Alberto Gonzales’ Blackmail Notes and Jane Harman’s Support

As I explained in the last post, CQ is reporting that NSA intercepts caught Jane Harman agreeing to help AIPAC avoid criminal charges in exchange for AIPAC’s support for her to get the House Intelligence Chair. That post suggests Harman was willing to intervene in a criminal case in hopes of getting a powerful Chairmanship of a committee.

But the story also shows that Alberto Gonzales’ efforts to ensure support from those members of Congress who didn’t object to the illegal wiretap program worked. The story reveals that Gonzales spiked an investigation into Harman because he needed her to support the Administration as news of the warrantless wiretap program broke in 2005. 

Justice Department attorneys in the intelligence and public corruption units who read the transcripts decided that Harman had committed a “completed crime,” a legal term meaning that there was evidence that she had attempted to complete it, three former officials said.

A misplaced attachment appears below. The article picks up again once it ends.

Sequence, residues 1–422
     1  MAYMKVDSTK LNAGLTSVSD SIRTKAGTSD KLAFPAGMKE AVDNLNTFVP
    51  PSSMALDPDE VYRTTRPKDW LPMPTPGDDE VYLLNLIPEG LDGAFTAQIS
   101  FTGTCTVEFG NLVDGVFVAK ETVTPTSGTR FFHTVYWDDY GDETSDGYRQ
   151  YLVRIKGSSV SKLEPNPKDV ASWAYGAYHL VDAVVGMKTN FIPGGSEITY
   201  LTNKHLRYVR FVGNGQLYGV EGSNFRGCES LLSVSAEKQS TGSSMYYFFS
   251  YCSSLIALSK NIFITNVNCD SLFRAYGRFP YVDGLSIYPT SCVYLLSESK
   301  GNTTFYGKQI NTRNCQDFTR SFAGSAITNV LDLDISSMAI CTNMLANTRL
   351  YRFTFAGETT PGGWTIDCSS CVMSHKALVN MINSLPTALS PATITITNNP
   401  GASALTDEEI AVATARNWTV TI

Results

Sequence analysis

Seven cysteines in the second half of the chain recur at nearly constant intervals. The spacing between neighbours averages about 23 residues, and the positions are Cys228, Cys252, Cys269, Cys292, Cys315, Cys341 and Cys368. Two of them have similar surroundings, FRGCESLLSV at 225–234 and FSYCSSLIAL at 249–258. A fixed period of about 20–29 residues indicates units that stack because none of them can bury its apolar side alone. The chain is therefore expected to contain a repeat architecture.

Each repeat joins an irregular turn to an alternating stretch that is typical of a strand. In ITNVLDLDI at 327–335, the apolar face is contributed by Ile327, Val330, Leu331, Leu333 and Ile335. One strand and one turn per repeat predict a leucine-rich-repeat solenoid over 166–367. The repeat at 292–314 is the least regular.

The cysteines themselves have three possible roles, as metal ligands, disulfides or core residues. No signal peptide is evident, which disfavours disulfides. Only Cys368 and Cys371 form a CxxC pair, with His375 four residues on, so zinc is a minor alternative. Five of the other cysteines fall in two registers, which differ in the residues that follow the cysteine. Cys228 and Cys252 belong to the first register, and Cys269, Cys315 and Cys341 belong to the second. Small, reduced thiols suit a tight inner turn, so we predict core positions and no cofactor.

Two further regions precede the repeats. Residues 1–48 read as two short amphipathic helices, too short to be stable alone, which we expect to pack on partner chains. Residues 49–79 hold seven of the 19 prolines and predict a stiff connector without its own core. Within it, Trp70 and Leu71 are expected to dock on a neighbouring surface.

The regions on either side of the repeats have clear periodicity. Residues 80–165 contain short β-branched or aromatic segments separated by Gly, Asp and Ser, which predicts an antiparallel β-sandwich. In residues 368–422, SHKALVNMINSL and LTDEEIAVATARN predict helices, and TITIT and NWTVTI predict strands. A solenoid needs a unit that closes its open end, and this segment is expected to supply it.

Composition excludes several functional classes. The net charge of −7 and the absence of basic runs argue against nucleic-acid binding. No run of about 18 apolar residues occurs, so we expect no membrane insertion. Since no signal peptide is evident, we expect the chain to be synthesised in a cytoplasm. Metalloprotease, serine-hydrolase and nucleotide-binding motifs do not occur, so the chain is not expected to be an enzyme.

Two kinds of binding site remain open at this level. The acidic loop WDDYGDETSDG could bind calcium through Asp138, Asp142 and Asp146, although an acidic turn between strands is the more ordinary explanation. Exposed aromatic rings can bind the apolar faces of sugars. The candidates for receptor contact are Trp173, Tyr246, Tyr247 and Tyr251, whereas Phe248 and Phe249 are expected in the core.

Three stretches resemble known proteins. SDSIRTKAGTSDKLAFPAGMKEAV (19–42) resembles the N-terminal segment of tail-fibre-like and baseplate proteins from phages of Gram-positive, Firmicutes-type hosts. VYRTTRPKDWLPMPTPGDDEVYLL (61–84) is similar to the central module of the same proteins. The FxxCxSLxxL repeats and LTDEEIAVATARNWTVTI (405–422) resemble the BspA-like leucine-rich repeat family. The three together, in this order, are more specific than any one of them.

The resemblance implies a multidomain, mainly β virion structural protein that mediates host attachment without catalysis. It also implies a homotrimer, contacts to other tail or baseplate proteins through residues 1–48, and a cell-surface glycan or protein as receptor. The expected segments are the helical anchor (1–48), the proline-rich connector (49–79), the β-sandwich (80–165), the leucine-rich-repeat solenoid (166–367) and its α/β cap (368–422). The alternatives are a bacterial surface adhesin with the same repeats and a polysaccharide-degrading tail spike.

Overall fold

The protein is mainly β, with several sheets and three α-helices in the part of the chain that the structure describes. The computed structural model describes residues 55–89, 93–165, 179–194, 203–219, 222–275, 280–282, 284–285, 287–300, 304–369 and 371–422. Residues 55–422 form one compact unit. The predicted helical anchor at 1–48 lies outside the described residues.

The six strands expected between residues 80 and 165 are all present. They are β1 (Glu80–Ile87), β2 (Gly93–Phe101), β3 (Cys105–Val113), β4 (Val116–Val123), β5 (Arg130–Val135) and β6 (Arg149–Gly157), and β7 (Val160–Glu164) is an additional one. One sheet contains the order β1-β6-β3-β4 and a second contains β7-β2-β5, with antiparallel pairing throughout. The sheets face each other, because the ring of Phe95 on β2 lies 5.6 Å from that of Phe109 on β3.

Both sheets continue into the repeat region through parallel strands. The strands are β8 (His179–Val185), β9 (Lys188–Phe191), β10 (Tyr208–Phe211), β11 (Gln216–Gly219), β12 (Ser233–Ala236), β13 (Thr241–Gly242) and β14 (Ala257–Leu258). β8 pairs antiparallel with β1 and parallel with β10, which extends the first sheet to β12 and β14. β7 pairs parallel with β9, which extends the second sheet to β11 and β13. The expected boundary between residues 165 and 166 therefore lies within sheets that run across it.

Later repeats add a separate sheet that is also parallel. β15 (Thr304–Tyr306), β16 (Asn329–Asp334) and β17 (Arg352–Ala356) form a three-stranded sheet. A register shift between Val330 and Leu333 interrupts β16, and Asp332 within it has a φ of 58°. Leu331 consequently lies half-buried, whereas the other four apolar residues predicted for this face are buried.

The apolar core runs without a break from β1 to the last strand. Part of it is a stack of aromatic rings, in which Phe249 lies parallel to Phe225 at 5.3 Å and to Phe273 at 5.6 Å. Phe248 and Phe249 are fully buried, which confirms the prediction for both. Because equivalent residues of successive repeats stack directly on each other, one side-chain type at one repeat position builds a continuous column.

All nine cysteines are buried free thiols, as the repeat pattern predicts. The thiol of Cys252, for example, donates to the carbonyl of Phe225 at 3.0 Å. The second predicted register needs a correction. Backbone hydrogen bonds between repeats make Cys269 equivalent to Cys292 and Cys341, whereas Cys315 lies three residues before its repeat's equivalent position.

And they were prepared to open a case on her, which would include electronic surveillance approved by the so-called FISA Court, the secret panel established by the 1979 Foreign Intelligence Surveillance Act to hear government wiretap requests.

First, however, they needed the certification of top intelligence officials that Harman’s wiretapped conversations justified a national security investigation.


But that’s when, according to knowledgeable officials, Attorney General Gonzales intervened.

According to two officials privy to the events, Gonzales said he “needed Jane” to help support the administration’s warrantless wiretapping program, which was about to be exposed by the New York Times.